Woman gives birth to little girl 2 months after surviving COVID-19

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Monday, August 31, 2020
Pregnant woman survives COVID-19 after receiving plasma
MIRACLE BABY: Hear from Esbeidy about her battle with coronavirus while she was pregnant, and how she's lucky she and her baby girl are alive.

HOUSTON, Texas -- Two months after recovering from COVID-19 while pregnant, a Houston mother has welcomed a healthy baby girl.

Esbeidy Reyes gave birth to little Ari Amor, who weighed in at 6 pounds, 10 ounces.

Back in June, Esbeidy faced a heartbreaking situation when she began feeling tired from something other than her pregnancy.

"I left work early because of a headache," Reyes said. "Then I started to run a fever."

Her husband took her to a hospital where she was examined and tested for COVID-19. The result was positive. "I self-quarantined for several days, but then I kept getting worse."

She ended up in ICU at Memorial Hermann Hospital in the Texas Medical Center.

ORIGINAL STORY: Pregnant woman survives COVID-19 after given plasma from other survivor

Many pregnant women around the world have expressed their anxieties of having to deliver during the pandemic.

"I felt awful," she said. "I was having trouble breathing, and I didn't want anything to happen by my baby."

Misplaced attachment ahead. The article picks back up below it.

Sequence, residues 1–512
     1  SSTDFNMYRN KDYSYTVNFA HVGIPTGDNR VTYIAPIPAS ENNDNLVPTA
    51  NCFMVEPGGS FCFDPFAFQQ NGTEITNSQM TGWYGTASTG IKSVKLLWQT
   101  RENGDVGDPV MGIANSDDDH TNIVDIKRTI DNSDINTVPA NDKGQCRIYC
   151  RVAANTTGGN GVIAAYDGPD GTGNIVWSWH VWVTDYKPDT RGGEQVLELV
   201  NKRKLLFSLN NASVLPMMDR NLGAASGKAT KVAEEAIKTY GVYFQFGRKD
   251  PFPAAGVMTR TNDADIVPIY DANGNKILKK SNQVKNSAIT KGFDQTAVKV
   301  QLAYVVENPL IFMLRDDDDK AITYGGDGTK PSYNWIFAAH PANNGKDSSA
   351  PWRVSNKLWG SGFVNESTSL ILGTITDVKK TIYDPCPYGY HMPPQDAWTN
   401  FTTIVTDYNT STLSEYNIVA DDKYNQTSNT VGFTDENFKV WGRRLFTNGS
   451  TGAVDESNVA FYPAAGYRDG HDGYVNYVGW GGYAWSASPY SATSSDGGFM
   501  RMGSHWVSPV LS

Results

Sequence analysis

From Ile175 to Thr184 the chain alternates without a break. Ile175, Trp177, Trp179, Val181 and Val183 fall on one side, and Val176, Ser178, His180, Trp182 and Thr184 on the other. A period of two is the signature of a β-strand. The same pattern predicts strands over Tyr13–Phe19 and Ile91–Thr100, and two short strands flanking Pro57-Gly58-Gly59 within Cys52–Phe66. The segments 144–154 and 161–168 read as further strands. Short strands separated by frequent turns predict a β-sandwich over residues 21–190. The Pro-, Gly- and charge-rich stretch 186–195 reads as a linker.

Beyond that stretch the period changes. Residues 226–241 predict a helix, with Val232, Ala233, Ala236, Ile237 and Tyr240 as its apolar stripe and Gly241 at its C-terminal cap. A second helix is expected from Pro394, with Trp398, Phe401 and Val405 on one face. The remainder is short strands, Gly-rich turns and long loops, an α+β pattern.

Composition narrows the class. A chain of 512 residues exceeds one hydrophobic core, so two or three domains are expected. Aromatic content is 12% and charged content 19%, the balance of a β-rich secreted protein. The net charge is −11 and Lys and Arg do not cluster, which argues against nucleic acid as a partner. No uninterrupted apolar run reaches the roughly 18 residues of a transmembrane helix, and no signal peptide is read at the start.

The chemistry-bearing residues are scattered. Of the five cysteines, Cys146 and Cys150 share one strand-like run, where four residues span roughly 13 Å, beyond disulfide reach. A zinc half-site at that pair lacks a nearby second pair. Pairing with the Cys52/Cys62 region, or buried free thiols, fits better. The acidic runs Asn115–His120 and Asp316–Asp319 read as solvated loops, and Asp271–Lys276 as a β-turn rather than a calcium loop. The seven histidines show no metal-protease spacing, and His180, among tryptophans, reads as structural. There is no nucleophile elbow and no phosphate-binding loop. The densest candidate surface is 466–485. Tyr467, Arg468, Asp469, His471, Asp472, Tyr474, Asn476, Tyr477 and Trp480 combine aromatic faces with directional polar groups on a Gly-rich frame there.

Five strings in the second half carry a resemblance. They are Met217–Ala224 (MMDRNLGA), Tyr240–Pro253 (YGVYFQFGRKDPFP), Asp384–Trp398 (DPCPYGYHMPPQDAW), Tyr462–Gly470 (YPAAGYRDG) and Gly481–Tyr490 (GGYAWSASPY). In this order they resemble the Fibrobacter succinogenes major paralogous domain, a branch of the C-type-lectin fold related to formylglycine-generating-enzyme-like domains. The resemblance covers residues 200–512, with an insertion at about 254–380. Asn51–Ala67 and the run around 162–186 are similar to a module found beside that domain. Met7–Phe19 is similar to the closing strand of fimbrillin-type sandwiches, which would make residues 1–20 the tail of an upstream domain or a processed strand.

Esbeidy was already a high-risk pregnancy patient. She miscarried late last year.

She was in ICU for days. "I signed the C-section paperwork. I thought only my baby was going to survive. I didn't think I was going to survive," she said.

Her doctor administered plasma from someone who had recovered from the virus, which contains antibodies. Esbeidy responded quickly. "Two days later I was able to get out of the hospital bed without help."

RELATED: Here's what pregnant women should know about coronavirus

Some expectant mothers are wondering if they should be any more concerned about coronavirus than the general public.

She doesn't know how she became infected.

Because she works in the medical profession, she was already paying attention to the growing number of cases in the Houston area. "I know about hospital admissions, and they started going up after the businesses reopened. All those people and everyone acting like the COVID-19 was gone, and I was like, 'It's not gone.'"

Esbeidy said she will tell Ari one day what they both went through because of a pandemic.

"I'm going to tell her she's my little soldier. She's my motivation. She kept me going. I didn't want to lose my baby."

SEE ALSO: Fetal coronavirus infection is possible, study suggests

Learn more about coronavirus symptoms and other helpful information during the COVID-19 pandemic.